Germany on Wednesday reaffirmed its commitment to Israel’s existence in an outline of national security policy.
The 39-page document, titled “Robust. Resilient. Sustainable. Integrated Security for Germany,” is meant to lay out Berlin’s policies for the coming years.
In his opening note, German Chancellor Olaf Scholz said the document is “our compass… the first in the history of our country.” It is meant, among other things, to reflect Berlin’s “path toward more security and less dependence” in the wake of Russia’s war on Ukraine, which brought Berlin’s overreliance on Moscow for energy to light.
Israel is mentioned twice in the document. First, in the executive summary, under the category of “What shapes us: Germany in the world,” it states that Germany bears a special responsibility in Europe, both as the continent’s most populous country and largest economy, as well as “in awareness of our history,” which is “why we will continue to take on responsibility for Israel’s right to exist.”
The German government expands upon this point later in the document.
“We act in awareness of our history and of the guilt our country bears for unleashing the Second World War and for perpetrating the Shoah, that betrayal of all civilized values,” it states. “Reconciliation with our European neighbors and responsibility for Israel’s right to exist remain an enduring obligation for us.”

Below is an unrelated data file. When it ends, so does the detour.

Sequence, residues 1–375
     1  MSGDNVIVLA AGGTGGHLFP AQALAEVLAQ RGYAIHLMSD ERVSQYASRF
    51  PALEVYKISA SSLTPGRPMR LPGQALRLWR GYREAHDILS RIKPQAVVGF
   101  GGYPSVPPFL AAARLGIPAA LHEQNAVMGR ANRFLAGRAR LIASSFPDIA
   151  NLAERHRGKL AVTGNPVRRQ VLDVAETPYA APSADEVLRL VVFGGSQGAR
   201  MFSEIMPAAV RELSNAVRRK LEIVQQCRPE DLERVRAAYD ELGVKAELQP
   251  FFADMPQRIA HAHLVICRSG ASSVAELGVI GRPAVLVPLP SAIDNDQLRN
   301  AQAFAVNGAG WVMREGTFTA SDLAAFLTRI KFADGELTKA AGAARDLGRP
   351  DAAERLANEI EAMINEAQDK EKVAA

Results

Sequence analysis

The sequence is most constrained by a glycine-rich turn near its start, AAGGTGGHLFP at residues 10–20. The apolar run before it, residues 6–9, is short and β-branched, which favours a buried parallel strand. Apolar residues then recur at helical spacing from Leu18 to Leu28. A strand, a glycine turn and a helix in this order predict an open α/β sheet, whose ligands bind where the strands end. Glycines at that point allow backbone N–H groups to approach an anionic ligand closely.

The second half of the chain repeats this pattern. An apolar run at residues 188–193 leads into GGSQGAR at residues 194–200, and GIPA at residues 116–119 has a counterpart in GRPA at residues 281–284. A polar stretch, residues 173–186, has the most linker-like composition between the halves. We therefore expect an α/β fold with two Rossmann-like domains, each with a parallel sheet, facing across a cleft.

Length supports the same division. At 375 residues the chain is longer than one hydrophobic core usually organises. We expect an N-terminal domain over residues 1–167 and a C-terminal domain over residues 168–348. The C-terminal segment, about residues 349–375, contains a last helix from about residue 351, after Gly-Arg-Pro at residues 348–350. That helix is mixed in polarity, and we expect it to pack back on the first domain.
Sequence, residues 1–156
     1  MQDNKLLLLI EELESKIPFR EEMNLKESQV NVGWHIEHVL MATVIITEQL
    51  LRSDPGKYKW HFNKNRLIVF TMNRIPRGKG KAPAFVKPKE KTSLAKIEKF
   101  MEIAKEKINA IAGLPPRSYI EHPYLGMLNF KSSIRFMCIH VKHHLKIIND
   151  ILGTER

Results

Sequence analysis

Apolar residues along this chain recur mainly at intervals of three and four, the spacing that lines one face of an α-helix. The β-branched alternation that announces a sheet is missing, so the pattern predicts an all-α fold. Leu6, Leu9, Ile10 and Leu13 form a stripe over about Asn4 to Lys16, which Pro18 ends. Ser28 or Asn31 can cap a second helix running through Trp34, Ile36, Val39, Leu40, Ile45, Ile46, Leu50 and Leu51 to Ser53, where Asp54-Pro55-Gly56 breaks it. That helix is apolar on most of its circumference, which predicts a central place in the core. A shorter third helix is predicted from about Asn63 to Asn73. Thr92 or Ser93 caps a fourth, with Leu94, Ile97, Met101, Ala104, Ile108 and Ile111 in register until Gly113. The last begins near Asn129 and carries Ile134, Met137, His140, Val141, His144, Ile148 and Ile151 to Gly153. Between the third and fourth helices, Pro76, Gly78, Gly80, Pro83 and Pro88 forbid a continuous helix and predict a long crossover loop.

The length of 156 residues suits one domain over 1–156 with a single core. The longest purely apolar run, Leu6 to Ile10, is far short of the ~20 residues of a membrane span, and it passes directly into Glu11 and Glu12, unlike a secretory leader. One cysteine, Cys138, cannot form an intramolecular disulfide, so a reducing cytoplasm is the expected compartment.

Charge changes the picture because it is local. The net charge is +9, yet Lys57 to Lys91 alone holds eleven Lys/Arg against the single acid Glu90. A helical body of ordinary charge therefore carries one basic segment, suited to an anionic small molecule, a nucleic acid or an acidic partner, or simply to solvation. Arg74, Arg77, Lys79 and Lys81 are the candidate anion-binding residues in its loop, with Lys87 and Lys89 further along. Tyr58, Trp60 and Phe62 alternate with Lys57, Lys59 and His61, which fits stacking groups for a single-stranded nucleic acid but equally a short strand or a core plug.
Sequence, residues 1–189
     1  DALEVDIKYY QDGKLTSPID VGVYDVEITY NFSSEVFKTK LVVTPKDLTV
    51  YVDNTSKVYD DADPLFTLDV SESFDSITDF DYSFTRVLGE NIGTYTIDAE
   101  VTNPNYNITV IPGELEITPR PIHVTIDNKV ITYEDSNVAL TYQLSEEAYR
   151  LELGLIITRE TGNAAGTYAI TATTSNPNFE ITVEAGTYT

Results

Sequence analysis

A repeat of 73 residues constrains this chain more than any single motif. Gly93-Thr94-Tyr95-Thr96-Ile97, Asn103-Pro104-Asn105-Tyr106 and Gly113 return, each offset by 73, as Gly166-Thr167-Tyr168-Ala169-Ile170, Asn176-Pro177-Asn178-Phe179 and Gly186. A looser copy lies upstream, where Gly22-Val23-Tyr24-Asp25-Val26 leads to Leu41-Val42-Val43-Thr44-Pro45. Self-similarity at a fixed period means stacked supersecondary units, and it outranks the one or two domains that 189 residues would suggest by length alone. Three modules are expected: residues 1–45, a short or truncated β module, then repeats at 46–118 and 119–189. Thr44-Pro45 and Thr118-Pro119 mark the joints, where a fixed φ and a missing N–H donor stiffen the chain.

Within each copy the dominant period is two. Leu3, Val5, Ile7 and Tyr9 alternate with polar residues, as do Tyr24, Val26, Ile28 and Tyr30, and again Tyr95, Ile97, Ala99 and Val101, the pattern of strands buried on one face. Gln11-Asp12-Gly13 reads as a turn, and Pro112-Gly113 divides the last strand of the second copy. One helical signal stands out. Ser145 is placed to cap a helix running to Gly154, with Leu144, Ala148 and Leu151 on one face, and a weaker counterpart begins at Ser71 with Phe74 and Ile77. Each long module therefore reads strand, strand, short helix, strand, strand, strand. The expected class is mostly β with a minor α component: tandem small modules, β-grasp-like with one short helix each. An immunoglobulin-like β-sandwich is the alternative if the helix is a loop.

“We act in awareness of our history and of the guilt our country bears for unleashing the WWII and for perpetrating the Shoah, that betrayal of all civilized values.”
In the section on extremism, the security strategy mentions fighting antisemitism.
The document also discusses the Iranian threat
“New forms of extremism have arisen that risk dividing our society and tipping into violence,” the document states. “They are aimed at undermining and delegitimizing democratic decision-making processes and state institutions. They often resort to conspiracy ideologies, some of them antisemitic. These anti-democratic forms of extremism also jeopardize our security.”
Regarding the Iranian threat, the security document says the Islamic Republic “is not only violating the human rights of its own citizens, but also continues to pursue its nuclear ambitions, producing ever more highly enriched fissile material, and has blocked efforts to revive the Joint Comprehensive Plan of Action of 2015.
“In addition, Iran’s missile program and its regional policy actions are fueling escalation and may give rise to new regional proliferation momentum.”
Germany, together with France and the UK, known as the E3, are the European parties to the JCPOA.Some of Germany’s major pledges in the document include a reduction of one-sided dependencies in commodities through diversification of supply and the creation of incentives for firms to hold strategic reserves.
Germany also pledged to spend 2% of economic output, on average, on defense, according to the summary, which is a weaker pledge than the one made by Scholz days after the Russian invasion of Ukraine in a landmark speech heralding a “Zeitenwede,” or “turning of the era,” in German foreign policy.
Scholz had said Germany would from now on invest more than 2% of economic output on defense, an increase from around 1.5% currently, after years of resisting pleas from NATO allies to do so.Reuters contributed to this report.